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Following the EU AI rule, 160 tech executives signed the reply letter

More than 160 tech company executives from around the world have sent an open letter to European Union lawmakers urging them to carefully consider artificial intelligence (AI) regulations so as not to hinder the industry or markets.
Today, executives of companies such as Renault, Meta, Spanish telecommunications firm Cellnex and German investment bank Berenberg commented proposed EU law on artificial intelligence, that could jeopardize competitiveness and innovation in the region..
In particular, the letter warns that the EU’s proposed rules will lead to strict regulation of productive AI tools and entail liability risks and high compliance costs for companies developing such technologies.
On 14 June, two weeks before the letter, the European Parliament first EU AI lawIt includes legislation mandating tools like ChatGPT. Expose all AI-generated content and other measures against illegal content.
In addition, currently the law aims to prohibit the use of some AI services and products. Technologies such as biometric surveillance, social scoring systems, predictive policing, so-called “emotion recognition” and non-targeted facial recognition systems have been broadly banned.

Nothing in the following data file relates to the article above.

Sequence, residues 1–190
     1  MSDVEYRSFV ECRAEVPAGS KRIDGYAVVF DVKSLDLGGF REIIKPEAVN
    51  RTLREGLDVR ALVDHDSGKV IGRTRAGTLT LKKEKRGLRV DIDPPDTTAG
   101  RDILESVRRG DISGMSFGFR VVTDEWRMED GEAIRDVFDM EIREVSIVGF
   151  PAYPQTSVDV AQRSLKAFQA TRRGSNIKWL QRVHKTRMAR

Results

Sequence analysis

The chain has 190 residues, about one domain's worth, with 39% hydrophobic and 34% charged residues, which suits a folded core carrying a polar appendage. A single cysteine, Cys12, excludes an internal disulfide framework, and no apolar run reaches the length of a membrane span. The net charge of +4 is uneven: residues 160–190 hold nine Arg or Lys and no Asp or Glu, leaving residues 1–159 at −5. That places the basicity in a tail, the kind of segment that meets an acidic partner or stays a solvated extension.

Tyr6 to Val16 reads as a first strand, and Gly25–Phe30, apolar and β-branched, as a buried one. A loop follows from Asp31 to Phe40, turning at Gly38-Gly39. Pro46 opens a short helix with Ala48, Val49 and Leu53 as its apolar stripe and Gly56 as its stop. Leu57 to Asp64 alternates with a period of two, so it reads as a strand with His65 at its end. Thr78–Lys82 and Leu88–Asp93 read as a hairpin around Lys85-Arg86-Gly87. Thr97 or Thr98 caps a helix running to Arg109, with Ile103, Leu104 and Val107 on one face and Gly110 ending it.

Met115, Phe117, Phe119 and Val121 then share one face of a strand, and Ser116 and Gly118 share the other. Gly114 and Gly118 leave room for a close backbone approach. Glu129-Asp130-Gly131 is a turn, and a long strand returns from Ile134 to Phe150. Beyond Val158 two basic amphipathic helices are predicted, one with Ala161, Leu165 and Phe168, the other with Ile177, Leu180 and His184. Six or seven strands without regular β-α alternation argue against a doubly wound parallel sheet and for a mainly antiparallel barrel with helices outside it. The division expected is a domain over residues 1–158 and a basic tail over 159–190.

Related: US considering tightening export restrictions on AI chips

Before the bill becomes law, Individual negotiations will take place between Members of Parliament to finalize the details of the EU AI Law. The latest letter comes as tech companies still have time to petition lawmakers for softer measures.
The day before the letter was published, the head of Microsoft himself went to europe discussing how best to regulate AI with regulators.
In May, OpenAI CEO Sam Altman also addressed European regulators in Brussels. He warned of the potential negative effects of overregulation on the AI ​​industry.
Head of the EU technology sector, blockade and the United States Lawmakers come together to create a voluntary “AI code of conduct” to be enforced as they finalize more permanent measures.
In March, more than 2,600 tech industry leaders and researchers, including Elon Musk, sent another open letter. But he wanted one temporary break on further development of AI, which requires regulation.

Translation of Walter Rizzo

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